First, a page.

Meet the champions of momentum investing who beat competition in bull market

Arihant Bardia, founder and CIO of Valtrust, and (right) Deepak Shenoy, founder and CEO of Capitalmind.
Arihant Bardia, founder and CIO of Valtrust, and (right) Deepak Shenoy, founder and CEO of Capitalmind.


  • While momentum falls behind the broad indices in bear markets, the bull outperformance more than makes up for this over the long term

In 2019, India’s stock market was largely in the doldrums. A few ‘quality’ stocks drove returns while most stocks, especially mid- and small-caps lagged.

In this environment, Deepak Shenoy, founder and CEO of Capitalmind, launched a momentum strategy in his portfolio management service (PMS). In May 2020, he published a whitepaper showing that even the simplest momentum strategies had beaten the broader market since 2000.

Momentum investing broadly involves buying the fastest-rising stocks in the hope they will continue to rise, countering the traditional ‘buy low, sell high’ maxim that governs the minds of most stock pickers.

Understanding momentum investing
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Understanding momentum investing

Shenoy's strategy gained traction. In March 2020, the covid-19 pandemic hit the world and India’s stock market crashed. From this crash, a new bull market emerged, the likes of which India had never seen before. And momentum investing took off. From May 2020 to May 2021, Shenoy’s momentum portfolio was up 99%.

India’s mutual fund industry was watching closely. In May 2021, UTI Mutual Fund launched India’s first passive momentum fund, the UTI 200 Momentum 30 Index, tracking the Nifty 200 Momentum 30 Index.

The bet proved highly successful. The fund rose 40% till Dec 2021, beating the 19.25% delivered by the Nifty 500 handsomely. This was followed by Motilal Oswal launching its own strategy on the same index in Feb 2022.

Arihant Bardia, a mutual fund distributor based in Chennai also spotted the potential of this strategy. He hired Shenoy’s head of research Prashant Krishna and launched his own PMS, called Valtrust in Jan 2023.

“We rely on price alone, not volume or fundamentals. We pick the top 30 stocks from among the 750 largest which show a steady rise. In the next month rebalance, if a stock drops below 30th rank but remains within the top 60, we let it continue. If it falls below the 60th rank, we replace it with the top ranked stock," said Bardia.

"In exceptional circumstances, we do continue to hold stocks below the 60th rank if it meets certain additional parameters. But we will always add stocks only from the Top 30," said Bardia.

Valturst is up 91% in the past year (as of 30 April 2024), shows data from the Association of Portfolio Managers of India (APMI). UTI Nifty 200 Momentum 30’s assets have swelled to 5,496 crore (as of 30 April 2024). It has beaten the Nifty 500 by a huge margin in three out of the past four years.

Will the party last?

Pratik Oswal of Motilal Oswal doesn’t seem to think so. A presentation recently delivered by Oswal at an online event organised by the AMC showed how different factors do better in different markets. ‘Quality’ and ‘low volume’ in bear markets, value in recoveries and momentum in bull markets.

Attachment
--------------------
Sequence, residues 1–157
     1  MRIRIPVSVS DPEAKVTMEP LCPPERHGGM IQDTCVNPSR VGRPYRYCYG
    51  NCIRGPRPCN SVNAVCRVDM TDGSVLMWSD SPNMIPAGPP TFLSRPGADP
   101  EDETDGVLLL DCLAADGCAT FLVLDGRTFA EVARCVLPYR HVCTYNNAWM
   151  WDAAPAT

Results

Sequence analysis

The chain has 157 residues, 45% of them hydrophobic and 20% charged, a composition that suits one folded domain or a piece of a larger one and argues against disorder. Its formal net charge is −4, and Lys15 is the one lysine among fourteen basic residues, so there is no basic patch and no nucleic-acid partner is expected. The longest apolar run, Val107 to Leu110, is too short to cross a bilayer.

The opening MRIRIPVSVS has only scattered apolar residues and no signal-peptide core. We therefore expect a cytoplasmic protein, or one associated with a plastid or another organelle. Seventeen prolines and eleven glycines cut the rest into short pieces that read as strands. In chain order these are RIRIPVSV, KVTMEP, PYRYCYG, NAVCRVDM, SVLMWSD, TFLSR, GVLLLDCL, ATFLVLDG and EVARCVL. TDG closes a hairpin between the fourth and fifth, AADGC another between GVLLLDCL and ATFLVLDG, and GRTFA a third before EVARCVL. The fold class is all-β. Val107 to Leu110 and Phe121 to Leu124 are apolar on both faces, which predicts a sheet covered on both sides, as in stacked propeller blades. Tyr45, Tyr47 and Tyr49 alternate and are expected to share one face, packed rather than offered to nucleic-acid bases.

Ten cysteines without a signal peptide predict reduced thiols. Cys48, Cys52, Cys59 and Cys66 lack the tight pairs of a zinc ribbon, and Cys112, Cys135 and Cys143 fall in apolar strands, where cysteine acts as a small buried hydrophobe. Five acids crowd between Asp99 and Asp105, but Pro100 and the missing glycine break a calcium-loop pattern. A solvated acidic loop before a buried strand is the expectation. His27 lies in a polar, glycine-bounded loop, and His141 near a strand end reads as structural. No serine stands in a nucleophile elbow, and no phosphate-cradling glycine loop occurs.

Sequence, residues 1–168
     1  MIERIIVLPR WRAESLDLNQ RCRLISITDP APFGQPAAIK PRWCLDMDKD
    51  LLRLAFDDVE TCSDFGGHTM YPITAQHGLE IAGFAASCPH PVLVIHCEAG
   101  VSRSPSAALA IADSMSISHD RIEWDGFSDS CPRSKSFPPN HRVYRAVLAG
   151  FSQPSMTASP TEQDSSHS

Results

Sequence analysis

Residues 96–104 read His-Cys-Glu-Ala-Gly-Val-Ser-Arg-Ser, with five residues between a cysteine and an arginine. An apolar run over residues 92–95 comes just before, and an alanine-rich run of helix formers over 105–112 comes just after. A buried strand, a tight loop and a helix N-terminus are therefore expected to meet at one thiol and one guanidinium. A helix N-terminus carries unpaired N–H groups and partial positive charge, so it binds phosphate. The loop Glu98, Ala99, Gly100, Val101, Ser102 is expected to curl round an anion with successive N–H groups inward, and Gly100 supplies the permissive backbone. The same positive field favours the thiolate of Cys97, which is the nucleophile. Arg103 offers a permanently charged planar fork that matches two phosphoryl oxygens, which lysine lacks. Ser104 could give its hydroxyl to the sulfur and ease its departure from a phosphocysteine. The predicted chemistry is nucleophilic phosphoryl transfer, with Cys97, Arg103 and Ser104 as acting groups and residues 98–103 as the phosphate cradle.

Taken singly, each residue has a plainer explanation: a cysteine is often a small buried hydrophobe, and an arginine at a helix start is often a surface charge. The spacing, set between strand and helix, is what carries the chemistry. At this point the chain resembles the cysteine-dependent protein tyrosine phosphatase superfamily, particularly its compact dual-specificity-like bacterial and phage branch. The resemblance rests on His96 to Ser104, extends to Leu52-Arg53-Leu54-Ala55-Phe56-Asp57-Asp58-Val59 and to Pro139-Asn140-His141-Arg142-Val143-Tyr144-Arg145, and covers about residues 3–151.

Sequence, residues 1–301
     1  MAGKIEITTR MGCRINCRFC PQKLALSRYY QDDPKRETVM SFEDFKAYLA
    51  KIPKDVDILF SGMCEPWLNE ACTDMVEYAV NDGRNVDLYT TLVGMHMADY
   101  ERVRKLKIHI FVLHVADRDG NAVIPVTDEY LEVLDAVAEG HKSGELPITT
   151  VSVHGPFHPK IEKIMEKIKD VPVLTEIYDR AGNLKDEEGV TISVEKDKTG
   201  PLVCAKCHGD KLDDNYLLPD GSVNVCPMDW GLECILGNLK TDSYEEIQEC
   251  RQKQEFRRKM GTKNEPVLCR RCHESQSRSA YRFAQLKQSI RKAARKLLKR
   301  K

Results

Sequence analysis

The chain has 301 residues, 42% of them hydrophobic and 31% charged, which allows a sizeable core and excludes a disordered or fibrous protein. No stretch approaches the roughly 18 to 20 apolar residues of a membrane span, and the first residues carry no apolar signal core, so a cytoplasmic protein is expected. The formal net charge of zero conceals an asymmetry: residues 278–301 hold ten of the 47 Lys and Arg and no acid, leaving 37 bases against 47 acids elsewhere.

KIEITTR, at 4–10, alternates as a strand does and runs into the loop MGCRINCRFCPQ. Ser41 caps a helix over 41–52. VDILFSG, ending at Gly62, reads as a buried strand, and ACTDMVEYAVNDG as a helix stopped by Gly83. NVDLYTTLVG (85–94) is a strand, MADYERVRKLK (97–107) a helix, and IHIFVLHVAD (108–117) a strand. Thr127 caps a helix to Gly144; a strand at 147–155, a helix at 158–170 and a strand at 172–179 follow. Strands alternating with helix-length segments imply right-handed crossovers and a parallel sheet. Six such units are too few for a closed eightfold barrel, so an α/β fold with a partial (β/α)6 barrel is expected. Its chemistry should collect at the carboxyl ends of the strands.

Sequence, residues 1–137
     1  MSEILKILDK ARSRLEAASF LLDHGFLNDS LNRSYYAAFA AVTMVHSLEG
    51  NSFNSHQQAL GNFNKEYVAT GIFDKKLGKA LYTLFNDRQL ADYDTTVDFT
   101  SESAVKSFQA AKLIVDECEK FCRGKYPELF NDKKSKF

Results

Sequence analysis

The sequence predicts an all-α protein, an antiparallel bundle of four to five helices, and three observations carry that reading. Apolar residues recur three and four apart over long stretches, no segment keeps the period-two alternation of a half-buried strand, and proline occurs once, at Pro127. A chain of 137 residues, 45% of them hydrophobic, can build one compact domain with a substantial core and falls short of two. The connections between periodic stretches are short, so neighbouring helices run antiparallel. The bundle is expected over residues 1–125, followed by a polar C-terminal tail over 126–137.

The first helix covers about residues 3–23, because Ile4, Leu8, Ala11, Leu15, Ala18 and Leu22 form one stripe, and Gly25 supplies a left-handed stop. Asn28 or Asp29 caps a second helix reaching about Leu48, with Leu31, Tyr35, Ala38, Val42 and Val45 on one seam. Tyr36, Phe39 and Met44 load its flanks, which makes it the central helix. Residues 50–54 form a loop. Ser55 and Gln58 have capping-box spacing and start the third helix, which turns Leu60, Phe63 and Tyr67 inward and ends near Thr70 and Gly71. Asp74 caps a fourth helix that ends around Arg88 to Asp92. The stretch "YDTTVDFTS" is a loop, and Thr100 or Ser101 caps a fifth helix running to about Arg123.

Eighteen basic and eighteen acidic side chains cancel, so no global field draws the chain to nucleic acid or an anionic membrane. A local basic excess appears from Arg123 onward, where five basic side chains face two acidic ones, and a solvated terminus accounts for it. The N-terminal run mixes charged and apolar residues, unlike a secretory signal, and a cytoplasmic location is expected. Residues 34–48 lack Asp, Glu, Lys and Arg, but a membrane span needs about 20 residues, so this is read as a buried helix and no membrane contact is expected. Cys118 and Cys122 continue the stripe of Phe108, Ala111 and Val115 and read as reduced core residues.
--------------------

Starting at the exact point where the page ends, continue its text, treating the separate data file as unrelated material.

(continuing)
Oswal favours a ‘multi-factor’ strategy rather than one relying on just momentum. However, there’s another way to think about this. Oswal’s presentation shows the Nifty 200 Momentum 30 beating the Nifty 50 by a huge margin over the last 15 years (in a backtest). The Nifty delivered 14.7%, while the momentum index delivered 22.8%.

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While momentum falls behind the broad indices in bear markets, the bull outperformance more than makes up for this over the long term - this is Shenoy’s thinking on the subject.

But why does momentum work at all? Surely it should be arbitraged away when market players see it working year after year? This is already happening with more AMCs entering the fray with their momentum funds such as Bandhan, Tata and Edelweiss.

However, Oswal thinks there’s a long way to go before the strategy can be ended by overcrowding. The current volume of money following such strategies is relatively small. Wealth managers have also begun dipping their feet.

Vaibhav Porwal, co-founder of Dezerv, a wealth management firm structured as portfolio management service (PMS) says they allocate 15-20% of client portfolios to momentum strategies (based on risk appetite).

For Bardia, as a wealth manager (multi-family office), just 6-7% of his assets under management (AUM) is in momentum. However, momentum doesn’t generally form the core portfolio of most mainstream firms.

How you should approach this strategy

Momentum does well in bull markets but crashes in bear markets. It has proved a hero in India’s post-2020 bull market but it is unlikely that this bull market will last forever.

If you dislike volatility, stay away. If you can stomach some volatility, use SIPs to average out your risk and keep the allocation to momentum at a relatively small level.

Over a multi-year period, backtests show momentum outperforming, but you must have the stomach to endure sharp falls and periods of underperformance.

This strategy also involves heavy churn (a lot of buying and selling stocks) and can make tax filing complicated. Investing through a mutual fund can be more efficient—you only pay tax when you redeem the fund and not when it trades in stocks.

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